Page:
Among the most common elder law frequently asked questions is when an aging adult needs to get a lawyer involved. To answer this it helps to first explain a little bit about what elder law attorneys do and how elder law works.

Understanding Elder Law

In general terms, elder law is the field of law dedicated to addressing the diverse legal needs of aging adults. While specifics will vary by individual, the most common services an elder law attorney provides include long-term care planning, disability, and special needs planning, and estate planning and settlement.

Naturally, each of these areas is multifaceted and requires collaboration with a team of professionals. An elder law attorney will work in collaboration with an individual’s family doctor, financial advisor, social worker, and therapist in addition to consulting with family members and loved ones. Their role is to ensure all needed legal documents are in place to protect an aging individual’s health and finances. This involves looking into the future and arranging assets so that a person qualifies for public benefits required to cover the cost of long-term care; it also means ensuring advance directives and powers of attorney have been filed as a safeguard against incapacitating injury or illness; and lastly, it means building a comprehensive estate plan which works to see a person’s belongings properly distributed to loved ones.

When to Contact an Elder Law Attorney

Truth be told, it is never too soon. After all, elder law is not only about protecting you in your advanced years but ensuring that you arrive at them prepared. What’s more, certain essential public benefits such as Medicaid employ a five-year lookback period that determines eligibility not just based upon your current financial position but on all actions taken in the five years before applying for coverage. Because even young and healthy individuals can unexpectedly find themselves needing long-term care, it is important to not put off the sort of financial planning required to ensure access. Likewise, for this same reason, it is crucial that every adult have advance directives in place.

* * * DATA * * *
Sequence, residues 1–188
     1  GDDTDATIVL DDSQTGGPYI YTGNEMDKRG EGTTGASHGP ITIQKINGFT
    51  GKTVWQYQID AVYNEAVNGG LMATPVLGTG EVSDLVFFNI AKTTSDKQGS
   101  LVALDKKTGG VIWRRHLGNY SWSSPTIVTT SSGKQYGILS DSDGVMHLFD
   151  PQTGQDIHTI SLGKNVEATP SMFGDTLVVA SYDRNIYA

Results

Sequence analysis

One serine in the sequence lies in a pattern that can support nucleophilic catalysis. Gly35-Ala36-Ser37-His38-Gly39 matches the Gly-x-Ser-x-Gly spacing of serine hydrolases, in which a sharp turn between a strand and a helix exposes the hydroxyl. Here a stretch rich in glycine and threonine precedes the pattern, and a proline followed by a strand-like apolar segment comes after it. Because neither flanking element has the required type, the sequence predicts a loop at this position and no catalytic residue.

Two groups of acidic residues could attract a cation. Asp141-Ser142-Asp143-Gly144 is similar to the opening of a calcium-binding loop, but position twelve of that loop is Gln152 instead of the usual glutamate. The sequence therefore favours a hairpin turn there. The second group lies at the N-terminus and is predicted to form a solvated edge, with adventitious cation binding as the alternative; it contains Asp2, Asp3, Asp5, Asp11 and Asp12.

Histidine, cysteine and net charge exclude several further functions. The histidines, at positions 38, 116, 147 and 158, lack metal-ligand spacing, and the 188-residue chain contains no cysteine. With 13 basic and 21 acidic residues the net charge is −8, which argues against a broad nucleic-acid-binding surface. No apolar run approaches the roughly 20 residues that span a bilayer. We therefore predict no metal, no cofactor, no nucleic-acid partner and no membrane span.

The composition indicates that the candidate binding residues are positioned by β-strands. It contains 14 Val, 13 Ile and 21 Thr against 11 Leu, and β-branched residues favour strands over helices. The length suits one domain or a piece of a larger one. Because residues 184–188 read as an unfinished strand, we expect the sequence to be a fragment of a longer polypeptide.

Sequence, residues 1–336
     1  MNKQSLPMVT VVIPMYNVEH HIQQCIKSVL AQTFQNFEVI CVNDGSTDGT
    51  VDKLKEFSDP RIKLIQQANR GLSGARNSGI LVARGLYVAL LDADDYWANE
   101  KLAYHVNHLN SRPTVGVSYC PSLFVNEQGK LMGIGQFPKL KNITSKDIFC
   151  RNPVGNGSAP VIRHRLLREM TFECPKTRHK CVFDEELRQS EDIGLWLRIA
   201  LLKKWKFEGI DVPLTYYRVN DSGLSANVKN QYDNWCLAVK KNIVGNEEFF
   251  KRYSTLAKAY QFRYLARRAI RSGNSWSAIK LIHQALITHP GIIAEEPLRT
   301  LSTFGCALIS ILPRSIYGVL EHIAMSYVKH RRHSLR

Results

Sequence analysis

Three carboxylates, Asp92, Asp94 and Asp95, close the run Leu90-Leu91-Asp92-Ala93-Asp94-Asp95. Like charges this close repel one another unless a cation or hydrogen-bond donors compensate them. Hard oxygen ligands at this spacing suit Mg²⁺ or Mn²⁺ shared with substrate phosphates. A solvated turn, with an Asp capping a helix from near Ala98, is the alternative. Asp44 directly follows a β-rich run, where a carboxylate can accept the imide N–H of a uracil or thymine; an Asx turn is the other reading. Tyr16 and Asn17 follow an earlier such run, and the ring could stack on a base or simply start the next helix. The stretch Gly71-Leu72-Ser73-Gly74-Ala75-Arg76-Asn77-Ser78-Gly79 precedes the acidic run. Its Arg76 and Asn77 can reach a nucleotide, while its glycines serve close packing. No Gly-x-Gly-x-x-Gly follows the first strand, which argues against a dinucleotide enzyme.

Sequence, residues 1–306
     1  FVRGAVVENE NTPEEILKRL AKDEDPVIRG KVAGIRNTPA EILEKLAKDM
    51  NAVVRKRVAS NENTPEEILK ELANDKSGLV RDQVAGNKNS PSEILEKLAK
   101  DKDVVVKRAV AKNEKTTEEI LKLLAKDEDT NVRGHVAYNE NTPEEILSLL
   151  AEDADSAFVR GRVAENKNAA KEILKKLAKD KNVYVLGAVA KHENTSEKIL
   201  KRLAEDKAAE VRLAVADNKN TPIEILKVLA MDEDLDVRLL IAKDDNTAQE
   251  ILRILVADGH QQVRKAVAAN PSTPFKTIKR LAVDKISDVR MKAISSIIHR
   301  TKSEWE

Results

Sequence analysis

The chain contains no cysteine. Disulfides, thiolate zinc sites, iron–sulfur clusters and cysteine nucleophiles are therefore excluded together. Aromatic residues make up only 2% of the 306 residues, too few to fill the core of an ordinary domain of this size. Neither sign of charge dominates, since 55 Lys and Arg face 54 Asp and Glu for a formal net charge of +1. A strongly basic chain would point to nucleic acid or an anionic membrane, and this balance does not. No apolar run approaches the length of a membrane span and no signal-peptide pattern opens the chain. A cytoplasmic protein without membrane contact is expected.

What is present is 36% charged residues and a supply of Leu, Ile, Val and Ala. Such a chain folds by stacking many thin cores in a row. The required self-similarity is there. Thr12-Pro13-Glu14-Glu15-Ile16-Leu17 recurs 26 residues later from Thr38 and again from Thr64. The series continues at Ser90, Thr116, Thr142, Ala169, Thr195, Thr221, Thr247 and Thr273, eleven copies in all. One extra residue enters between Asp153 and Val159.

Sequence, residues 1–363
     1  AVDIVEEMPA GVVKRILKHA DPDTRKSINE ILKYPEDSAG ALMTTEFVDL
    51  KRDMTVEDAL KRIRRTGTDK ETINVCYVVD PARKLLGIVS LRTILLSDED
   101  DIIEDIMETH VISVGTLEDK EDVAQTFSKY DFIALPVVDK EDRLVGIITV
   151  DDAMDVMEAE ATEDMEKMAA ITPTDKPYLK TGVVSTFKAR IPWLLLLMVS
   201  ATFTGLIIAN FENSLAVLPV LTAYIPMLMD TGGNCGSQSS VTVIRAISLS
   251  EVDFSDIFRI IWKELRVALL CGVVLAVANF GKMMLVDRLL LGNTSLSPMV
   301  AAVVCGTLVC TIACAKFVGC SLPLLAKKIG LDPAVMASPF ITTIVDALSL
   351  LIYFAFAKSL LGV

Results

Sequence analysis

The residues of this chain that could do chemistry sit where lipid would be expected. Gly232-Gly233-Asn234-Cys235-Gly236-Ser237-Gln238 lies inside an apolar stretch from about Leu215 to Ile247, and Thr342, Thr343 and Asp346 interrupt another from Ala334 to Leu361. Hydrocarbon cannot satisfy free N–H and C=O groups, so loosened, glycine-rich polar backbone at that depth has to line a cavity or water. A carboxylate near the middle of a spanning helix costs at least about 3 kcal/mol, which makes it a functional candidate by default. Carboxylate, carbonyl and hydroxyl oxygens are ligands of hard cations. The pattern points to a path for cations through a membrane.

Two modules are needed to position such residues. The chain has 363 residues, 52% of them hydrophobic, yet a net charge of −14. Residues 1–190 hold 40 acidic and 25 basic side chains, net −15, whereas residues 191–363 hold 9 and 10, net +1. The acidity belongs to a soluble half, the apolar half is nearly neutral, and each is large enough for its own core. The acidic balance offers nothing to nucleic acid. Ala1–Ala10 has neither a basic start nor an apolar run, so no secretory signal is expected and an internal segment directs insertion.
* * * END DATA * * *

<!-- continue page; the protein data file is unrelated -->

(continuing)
The above advice notwithstanding, few adults begin working with an elder law attorney until an acute need arises. Most often, this means a change in health such as the diagnosis of a chronic or disabling medical condition. In such circumstances, an individual is rudely awakened to the importance of having a will and powers of attorney among other essential estate planning documents. Advancing age also, inevitably, creates the need to consult with an elder law attorney as does any time you or a loved one might require public benefits to cover medical expenses.

As with most elder law frequently asked questions, providing more specifics concerning when to reach out to a lawyer is impossible without assessing your individual needs. This said, if you are wondering whether you need to speak to an elder law attorney, chances are you do. If this is you, do not hesitate to reach out to the Deliberato Law Center either by calling our office at (216) 341-3413 or writing us using the contact form on our website.

Contact the Estate Planning Attorneys at Deliberato Law Center